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  • Sara

Exploring Environments

To truly make strong backgrounds and environments, you must first learn a few basics.

Build Your Glazes

When developing an environment you need to understand values and glazing.

Glazing is when you add one layer of paint, let it dry, and then add another layer of transparent paint. Think layering colored tissue paper upon each other.

Applying Values through Glazing

Let's begin with an exercise. Draw/tape a square, and to the right make 6 small rectangles, numbered 1-6.

Lay a wash down by pre-wetting your paper and adding an even layer of color.

For this I'm adding clouds using a tissue to blot to the white of the paper.

Next I'm going to fill in the rectangles 2-6 with the same color I just did a wash with. This is my first glaze.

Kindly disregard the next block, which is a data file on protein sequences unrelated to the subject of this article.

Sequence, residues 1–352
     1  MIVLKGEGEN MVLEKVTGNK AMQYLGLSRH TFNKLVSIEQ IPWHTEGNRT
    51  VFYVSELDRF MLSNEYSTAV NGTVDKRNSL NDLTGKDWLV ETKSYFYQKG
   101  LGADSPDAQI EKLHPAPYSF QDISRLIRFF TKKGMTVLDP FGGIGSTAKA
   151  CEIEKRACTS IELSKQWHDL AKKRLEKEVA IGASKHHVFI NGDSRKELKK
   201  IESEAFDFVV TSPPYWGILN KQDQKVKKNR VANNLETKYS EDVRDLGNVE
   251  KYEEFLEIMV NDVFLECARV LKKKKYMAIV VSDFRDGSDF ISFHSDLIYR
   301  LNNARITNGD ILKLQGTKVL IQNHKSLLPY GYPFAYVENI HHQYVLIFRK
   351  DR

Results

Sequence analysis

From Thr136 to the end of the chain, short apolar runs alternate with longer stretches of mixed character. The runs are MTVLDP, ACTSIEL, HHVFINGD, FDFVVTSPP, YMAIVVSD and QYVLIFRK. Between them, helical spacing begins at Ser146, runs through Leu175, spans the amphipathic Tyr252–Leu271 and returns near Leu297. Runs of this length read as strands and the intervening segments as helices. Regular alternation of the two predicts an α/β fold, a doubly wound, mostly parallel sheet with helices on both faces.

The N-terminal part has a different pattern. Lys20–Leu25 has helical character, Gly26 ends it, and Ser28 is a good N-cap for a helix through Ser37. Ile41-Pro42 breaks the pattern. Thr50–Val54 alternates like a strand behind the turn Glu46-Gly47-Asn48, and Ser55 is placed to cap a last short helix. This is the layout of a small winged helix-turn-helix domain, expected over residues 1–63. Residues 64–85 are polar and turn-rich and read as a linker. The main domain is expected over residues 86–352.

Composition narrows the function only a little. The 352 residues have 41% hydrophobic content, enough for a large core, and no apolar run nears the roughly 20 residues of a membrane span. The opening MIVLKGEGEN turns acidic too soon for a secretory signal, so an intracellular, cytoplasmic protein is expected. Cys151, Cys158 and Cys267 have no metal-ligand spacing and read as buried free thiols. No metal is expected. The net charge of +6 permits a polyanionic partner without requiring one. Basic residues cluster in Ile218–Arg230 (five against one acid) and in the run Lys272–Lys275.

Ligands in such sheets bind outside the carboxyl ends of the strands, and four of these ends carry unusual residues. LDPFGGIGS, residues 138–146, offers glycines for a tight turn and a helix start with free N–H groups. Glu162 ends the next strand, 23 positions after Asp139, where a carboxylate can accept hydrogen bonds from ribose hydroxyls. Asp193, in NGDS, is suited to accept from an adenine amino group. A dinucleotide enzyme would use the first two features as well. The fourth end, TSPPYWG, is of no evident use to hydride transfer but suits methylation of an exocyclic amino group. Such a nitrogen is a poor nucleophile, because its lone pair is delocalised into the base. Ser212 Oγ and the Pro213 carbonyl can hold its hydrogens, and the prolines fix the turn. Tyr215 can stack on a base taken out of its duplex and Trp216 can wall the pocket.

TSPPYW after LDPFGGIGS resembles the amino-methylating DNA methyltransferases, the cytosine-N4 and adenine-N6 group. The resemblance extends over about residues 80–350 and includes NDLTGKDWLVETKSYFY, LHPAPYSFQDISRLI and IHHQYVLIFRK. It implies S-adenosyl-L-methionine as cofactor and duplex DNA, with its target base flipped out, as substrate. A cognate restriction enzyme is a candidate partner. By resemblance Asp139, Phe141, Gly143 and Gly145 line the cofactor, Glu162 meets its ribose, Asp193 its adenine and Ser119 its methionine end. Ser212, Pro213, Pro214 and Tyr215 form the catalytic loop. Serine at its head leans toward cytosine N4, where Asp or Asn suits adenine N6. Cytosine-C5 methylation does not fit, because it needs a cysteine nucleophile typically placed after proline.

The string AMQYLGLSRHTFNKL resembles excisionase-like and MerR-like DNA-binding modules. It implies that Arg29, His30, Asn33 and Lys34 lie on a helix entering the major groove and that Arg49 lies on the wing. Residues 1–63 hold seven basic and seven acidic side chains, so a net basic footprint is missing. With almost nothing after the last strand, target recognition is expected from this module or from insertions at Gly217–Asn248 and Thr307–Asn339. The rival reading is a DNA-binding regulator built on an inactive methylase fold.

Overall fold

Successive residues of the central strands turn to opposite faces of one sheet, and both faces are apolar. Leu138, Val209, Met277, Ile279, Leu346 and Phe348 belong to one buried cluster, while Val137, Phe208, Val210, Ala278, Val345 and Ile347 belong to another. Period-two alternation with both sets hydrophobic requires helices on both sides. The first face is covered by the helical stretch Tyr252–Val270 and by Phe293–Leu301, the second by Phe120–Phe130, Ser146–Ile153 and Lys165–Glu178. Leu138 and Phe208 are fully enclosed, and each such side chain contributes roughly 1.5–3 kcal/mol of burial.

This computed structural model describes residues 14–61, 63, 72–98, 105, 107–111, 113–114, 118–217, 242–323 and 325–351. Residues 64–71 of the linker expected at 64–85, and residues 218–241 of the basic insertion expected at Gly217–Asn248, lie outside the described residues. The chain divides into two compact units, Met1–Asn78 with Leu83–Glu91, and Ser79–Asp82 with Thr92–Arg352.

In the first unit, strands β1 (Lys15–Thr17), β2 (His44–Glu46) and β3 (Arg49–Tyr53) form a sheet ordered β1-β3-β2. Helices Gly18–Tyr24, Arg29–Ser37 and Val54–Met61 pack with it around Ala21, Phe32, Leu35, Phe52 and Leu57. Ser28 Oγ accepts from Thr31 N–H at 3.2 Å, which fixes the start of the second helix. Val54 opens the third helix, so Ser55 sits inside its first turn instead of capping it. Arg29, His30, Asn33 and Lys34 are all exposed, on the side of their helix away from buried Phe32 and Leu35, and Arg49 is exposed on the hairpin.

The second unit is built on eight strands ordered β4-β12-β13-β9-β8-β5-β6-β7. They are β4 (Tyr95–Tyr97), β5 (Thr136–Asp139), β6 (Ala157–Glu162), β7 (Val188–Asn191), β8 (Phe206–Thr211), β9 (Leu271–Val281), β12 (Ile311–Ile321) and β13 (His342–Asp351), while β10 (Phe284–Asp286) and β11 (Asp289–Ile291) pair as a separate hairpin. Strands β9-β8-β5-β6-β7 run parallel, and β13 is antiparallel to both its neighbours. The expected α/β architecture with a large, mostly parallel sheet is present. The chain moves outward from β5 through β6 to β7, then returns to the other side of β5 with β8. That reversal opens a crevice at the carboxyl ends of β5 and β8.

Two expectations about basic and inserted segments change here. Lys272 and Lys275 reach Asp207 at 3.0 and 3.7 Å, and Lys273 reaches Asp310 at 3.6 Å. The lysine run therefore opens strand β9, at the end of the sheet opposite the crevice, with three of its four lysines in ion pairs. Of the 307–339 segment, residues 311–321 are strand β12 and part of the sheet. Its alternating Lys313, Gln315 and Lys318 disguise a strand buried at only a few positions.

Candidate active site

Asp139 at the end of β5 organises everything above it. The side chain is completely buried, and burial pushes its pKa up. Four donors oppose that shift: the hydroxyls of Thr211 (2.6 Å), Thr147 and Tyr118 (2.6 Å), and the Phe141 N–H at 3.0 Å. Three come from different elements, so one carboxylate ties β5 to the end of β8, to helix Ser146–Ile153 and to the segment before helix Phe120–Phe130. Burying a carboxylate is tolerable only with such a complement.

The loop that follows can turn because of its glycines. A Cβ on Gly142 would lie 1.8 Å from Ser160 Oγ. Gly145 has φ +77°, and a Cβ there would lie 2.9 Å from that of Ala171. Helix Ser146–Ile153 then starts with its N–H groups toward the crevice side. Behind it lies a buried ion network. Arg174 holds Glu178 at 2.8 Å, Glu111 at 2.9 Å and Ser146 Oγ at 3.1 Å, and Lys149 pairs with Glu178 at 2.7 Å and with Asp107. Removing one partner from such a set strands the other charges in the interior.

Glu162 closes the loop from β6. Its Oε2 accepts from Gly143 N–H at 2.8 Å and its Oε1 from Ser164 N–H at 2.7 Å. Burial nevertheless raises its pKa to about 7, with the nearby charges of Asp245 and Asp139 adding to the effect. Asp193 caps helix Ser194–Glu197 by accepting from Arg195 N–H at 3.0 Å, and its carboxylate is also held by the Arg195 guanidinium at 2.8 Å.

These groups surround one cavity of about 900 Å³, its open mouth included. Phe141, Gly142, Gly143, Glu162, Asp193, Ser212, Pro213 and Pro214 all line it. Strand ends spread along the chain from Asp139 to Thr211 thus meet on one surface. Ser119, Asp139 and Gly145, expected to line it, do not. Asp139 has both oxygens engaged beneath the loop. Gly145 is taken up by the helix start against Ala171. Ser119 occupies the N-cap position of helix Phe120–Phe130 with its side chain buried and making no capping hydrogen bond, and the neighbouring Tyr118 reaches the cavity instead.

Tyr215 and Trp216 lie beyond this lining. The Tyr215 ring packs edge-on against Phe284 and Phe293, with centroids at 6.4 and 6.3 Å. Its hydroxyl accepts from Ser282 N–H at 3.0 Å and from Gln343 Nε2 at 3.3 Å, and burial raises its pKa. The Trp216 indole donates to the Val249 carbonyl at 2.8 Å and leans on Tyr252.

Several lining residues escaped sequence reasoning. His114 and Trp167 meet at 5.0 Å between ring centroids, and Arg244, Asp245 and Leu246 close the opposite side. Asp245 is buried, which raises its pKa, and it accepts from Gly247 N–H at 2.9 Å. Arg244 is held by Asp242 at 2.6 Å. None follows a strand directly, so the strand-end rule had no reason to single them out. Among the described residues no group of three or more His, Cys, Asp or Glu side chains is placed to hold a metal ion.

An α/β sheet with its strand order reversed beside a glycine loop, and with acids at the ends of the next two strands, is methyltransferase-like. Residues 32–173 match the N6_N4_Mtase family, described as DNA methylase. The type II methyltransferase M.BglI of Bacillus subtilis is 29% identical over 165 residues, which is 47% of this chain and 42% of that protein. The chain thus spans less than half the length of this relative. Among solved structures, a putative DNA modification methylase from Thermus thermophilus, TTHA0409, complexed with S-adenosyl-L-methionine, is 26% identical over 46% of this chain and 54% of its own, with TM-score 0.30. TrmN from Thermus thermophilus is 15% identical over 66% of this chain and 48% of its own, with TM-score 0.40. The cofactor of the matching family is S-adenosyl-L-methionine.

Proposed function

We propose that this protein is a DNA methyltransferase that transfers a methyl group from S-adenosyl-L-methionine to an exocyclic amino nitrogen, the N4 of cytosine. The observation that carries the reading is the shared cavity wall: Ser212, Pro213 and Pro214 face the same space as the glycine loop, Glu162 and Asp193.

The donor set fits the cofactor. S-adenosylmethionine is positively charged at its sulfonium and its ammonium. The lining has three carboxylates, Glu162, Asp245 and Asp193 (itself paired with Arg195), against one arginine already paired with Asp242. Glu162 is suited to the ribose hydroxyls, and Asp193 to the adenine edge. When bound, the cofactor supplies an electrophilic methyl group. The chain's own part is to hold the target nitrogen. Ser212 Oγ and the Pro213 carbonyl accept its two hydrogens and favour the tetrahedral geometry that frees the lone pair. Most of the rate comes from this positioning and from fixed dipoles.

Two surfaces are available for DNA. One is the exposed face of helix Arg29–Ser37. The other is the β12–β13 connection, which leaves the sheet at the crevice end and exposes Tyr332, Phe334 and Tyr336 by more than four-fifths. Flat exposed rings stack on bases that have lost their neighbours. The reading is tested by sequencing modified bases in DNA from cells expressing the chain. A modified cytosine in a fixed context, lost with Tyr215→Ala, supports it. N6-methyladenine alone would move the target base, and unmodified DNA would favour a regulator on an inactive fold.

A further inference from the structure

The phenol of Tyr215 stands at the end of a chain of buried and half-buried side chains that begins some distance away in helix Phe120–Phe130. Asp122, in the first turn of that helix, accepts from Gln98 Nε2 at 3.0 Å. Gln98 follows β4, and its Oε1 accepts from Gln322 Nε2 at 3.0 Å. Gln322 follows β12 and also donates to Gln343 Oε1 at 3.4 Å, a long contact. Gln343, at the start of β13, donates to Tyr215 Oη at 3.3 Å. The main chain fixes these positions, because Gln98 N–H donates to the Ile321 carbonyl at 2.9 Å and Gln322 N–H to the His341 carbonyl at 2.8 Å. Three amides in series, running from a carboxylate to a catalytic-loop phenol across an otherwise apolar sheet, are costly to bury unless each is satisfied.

Once dry I will take the same color, same amount of water to paint ratio, and add a second glaze. This one will be the one to determine the horizon line.

I add salt to give some texture...

And I add some water around the horizon line to add more texture/atmosphere.

Once dry, I go and fill in rectangles 4-6 with another layer of paint. While also adding another layer of paint in my landscape on the left. More water drops and salt. I'm also aware of what happened in the previous glaze and work around what had dried. Picking and choosing what I'd like to keep untouched.

Let dry. The last two glazes I added a bit more blue to intensify the color and to add some kind of visual interest in color. You don't have to do this. Yet, I would make the water to paint ratio closer to milk/yogurt to make sure these layers are dark enough.

Because this is starting to look like a field of some sort to me, I chose to add large flowers using rubbing alcohol in the middle ground.

For the 5th layer/glaze, I take my time and create stems. Because the previous glaze is now dry, I can "draw" with my paint and fill around. This is called negative painting. Where you paint around what value you want to keep.